Scope out the facts on respiratory virus detection from McGraw Hill’s AccessScience

Access to this content is available to Ward's World readers for free from McGraw Hill's AccessScience, an award-winning, digital STEM resource containing exclusive articles written by expert scientists and engineers; biographies of well-known scientific figures; science news, videos, and animations; and much, much more.

Instructors can use AccessScience to guide students on their research project journeys, to help students understand scientific concepts, to support distance learning efforts, in flipped classroom approaches, and in countless other ways. 

Ward’s World and AccessScience have partnered to offer educators a no-obligation, free trial subscription to AccessScience. Request your free trial today to discover how valuable AccessScience can be for you and your students! Get your free trial now.


Middle/High School

 

When disease outbreaks like respiratory viruses or other health-related situations occur, epidemiologists (aka Disease Detectives) are on the scene to investigate. Disease Detectives search for the cause of disease, identify people at risk and determine how to control, stop, and prevent the spread. 1  Physicians, veterinarians, scientists, and other health professionals often train to be “Disease Detectives” .1

Like crime scene investigators, epidemiologists begin by looking for clues. Microscopes are an essential tool these lab detectives use to gather scientific evidence about viruses, whether they’re using traditional methods or the more advanced molecular diagnostics. That’s why microscopes are a powerful instrument that students will be excited to learn about and use, just like the Disease Detectives!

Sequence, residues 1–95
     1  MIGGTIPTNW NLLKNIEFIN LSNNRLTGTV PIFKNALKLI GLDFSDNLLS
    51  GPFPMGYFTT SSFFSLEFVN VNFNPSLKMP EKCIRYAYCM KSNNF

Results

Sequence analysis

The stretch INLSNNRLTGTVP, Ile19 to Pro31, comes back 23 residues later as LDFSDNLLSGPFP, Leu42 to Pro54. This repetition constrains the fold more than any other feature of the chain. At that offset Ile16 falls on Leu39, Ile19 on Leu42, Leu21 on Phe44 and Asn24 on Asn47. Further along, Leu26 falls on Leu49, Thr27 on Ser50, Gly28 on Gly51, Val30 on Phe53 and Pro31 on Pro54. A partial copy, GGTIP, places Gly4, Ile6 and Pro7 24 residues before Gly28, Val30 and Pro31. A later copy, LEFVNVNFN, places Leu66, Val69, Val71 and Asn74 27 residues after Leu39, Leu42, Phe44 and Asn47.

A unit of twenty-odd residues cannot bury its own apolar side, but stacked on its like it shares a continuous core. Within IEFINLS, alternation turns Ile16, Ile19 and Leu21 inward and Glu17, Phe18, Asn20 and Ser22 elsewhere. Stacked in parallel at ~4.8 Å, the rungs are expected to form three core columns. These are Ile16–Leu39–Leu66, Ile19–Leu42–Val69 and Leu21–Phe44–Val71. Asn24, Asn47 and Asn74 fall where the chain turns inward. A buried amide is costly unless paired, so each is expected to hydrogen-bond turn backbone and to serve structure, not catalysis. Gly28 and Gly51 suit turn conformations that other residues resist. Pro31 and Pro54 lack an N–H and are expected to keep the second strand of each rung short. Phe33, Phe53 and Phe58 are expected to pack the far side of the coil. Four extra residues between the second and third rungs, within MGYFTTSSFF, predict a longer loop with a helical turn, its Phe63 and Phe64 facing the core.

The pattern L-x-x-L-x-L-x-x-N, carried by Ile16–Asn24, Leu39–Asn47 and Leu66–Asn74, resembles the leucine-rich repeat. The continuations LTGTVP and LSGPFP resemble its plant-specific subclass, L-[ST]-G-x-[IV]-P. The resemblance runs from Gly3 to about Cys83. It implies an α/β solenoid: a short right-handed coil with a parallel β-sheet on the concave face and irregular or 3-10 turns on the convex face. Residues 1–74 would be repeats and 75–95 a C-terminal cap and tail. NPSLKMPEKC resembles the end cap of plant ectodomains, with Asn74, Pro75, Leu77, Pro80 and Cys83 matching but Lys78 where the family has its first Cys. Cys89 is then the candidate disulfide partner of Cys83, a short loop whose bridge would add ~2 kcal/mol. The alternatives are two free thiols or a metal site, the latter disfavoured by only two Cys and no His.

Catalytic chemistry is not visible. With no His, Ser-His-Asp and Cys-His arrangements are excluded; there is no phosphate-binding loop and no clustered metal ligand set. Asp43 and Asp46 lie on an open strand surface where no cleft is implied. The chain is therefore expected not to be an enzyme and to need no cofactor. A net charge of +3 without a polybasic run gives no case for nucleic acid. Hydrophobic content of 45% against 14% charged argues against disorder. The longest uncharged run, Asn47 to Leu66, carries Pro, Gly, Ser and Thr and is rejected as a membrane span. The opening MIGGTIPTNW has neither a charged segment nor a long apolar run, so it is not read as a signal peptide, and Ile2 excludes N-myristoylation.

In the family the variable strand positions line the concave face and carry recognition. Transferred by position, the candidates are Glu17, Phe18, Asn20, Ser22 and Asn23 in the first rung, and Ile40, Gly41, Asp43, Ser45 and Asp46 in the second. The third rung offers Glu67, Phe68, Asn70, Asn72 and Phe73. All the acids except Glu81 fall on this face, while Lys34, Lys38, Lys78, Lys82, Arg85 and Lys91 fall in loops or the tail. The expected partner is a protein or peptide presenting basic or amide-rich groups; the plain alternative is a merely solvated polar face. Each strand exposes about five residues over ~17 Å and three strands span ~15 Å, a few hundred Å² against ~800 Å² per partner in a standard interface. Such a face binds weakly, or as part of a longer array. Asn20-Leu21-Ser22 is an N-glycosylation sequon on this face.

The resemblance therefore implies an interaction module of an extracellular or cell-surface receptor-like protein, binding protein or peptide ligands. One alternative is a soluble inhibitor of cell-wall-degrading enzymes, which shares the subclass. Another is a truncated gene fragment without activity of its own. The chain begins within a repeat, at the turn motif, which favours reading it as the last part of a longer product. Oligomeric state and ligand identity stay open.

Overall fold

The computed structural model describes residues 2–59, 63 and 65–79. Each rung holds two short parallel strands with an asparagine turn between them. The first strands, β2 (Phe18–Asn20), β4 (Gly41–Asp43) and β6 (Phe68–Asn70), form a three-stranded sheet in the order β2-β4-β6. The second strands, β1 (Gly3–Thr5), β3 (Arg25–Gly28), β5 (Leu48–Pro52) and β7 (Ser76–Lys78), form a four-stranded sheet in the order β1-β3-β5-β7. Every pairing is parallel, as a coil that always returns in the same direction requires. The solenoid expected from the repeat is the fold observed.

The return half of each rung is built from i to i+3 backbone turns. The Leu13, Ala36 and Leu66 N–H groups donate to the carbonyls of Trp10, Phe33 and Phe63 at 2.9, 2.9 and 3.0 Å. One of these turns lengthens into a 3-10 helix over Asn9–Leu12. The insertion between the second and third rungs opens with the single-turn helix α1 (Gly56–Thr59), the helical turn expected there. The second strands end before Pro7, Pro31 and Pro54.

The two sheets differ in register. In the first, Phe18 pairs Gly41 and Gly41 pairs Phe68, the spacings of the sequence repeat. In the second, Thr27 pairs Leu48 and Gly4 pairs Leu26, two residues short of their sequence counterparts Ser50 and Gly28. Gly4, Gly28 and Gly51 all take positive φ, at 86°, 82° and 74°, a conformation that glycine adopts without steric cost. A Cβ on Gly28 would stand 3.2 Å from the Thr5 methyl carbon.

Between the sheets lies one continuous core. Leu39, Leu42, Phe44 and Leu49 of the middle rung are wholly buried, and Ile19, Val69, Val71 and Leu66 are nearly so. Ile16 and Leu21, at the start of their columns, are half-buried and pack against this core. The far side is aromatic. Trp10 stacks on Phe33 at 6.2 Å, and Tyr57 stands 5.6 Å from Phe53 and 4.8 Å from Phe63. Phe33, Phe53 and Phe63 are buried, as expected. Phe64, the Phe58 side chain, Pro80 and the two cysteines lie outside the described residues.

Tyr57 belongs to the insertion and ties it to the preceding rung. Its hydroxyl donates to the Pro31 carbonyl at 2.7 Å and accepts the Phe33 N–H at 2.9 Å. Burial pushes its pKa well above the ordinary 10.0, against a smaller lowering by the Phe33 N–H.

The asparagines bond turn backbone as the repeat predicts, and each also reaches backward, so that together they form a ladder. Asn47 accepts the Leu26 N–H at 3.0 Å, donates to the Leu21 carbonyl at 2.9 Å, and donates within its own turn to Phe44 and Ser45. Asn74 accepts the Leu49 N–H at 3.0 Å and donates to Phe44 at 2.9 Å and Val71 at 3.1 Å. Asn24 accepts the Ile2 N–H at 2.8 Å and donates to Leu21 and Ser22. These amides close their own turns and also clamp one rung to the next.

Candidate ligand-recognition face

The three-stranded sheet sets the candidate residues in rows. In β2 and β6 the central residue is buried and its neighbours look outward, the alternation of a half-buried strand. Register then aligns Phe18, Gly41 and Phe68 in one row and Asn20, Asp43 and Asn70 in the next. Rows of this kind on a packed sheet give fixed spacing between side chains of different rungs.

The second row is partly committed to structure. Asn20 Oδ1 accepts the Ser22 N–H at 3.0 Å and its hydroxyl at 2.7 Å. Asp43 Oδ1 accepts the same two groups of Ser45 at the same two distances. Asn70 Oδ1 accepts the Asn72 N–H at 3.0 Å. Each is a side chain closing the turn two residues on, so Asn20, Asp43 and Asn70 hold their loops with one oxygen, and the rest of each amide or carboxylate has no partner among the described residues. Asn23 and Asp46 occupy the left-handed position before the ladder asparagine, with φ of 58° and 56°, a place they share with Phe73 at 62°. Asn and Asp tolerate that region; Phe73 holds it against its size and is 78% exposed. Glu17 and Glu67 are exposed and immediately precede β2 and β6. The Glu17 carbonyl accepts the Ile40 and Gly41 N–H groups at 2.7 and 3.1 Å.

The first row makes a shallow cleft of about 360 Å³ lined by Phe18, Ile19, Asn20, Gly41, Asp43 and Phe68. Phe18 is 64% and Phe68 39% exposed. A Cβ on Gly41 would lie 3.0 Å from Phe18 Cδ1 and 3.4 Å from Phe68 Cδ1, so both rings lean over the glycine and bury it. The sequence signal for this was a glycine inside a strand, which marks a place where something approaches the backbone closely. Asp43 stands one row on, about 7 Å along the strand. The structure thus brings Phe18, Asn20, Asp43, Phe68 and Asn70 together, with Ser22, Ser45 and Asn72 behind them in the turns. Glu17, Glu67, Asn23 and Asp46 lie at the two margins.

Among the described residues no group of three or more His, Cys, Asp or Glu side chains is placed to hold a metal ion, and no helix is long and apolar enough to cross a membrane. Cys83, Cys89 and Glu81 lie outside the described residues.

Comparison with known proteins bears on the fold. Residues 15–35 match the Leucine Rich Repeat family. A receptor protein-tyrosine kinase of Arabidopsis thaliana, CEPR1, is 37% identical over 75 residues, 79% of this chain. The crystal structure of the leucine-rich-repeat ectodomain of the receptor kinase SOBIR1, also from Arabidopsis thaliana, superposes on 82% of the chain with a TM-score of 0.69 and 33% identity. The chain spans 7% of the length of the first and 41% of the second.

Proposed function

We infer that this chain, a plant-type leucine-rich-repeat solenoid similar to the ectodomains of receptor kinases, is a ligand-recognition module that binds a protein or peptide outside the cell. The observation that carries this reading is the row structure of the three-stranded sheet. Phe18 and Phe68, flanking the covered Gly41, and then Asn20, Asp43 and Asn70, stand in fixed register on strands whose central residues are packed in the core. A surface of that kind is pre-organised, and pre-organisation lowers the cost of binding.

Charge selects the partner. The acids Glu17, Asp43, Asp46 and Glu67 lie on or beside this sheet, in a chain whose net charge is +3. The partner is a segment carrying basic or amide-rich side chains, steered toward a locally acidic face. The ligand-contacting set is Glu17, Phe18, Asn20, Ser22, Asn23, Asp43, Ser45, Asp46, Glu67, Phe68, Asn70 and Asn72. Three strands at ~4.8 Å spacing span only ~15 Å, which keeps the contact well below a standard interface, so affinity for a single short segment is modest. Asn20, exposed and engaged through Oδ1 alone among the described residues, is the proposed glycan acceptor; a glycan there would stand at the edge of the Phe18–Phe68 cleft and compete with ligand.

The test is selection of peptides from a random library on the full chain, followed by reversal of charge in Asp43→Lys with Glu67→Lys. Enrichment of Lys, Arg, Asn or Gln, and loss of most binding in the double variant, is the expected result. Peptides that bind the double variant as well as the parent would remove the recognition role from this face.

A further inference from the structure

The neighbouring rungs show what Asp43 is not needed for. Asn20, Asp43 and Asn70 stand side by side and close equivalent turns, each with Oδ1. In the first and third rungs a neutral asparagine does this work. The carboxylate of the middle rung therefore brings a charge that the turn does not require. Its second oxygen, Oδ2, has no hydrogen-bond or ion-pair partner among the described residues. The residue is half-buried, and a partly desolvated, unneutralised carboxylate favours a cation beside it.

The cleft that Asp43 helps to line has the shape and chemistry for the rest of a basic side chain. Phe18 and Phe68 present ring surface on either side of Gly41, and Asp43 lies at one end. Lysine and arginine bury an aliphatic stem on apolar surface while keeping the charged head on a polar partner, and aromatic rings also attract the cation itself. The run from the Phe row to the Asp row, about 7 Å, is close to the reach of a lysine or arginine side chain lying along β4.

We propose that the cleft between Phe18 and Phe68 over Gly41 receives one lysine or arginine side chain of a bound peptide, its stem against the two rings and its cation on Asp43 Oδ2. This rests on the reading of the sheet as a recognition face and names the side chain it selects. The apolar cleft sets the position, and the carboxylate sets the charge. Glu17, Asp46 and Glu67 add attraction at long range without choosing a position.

What is a compound microscope?

No introductory lesson on microscopy is complete without a description of the compound microscope. A compound microscope is an optical instrument that uses an objective lens with a very short focal length and an eyepiece with a longer focal length mounted in the same tube to obtain magnified images of small objects. The use of a compound objective/eyepiece combination allows for much higher magnification. Magnification by compound microscopes typically ranges between 40x-1000x vs. a stereo microscope’s 10x-40x magnification. A compound microscope also differs from a stereo microscope in that it provides a two-dimensional image instead of a three-dimensional one.


Microscopes help students investigate things that are too small for the eye to see, from everyday objects like a human hair to the fascinating anatomy of the planaria. As students prepare to explore objects and organisms that can be viewed with a microscope, they must get familiar with all the parts of the tool, as shown in fig. 1. From the ocular lens to the light source, science teachers find lessons on microscope parts extremely engaging and interesting to their students, as many have never used one before!

Once students understand microscope basics, they can dig deeper to learn how researchers use more powerful instruments like electron microscopes to view infectious viruses like SARS coronavirus, including its "corona" or crown formed by a single surface protein.


 


Download McGraw Hill’s AccessScience article, Detection of Respiratory viruses, to help your students explore methods used by virology laboratories to detect respiratory viruses. The comprehensive article covers timely concepts such as viral respiratory tract infections caused by viruses, including influenza viruses, parainfluenza viruses, coronaviruses, and adenoviruses.


References: 1. Centers for Disease Control and Prevention

 

 

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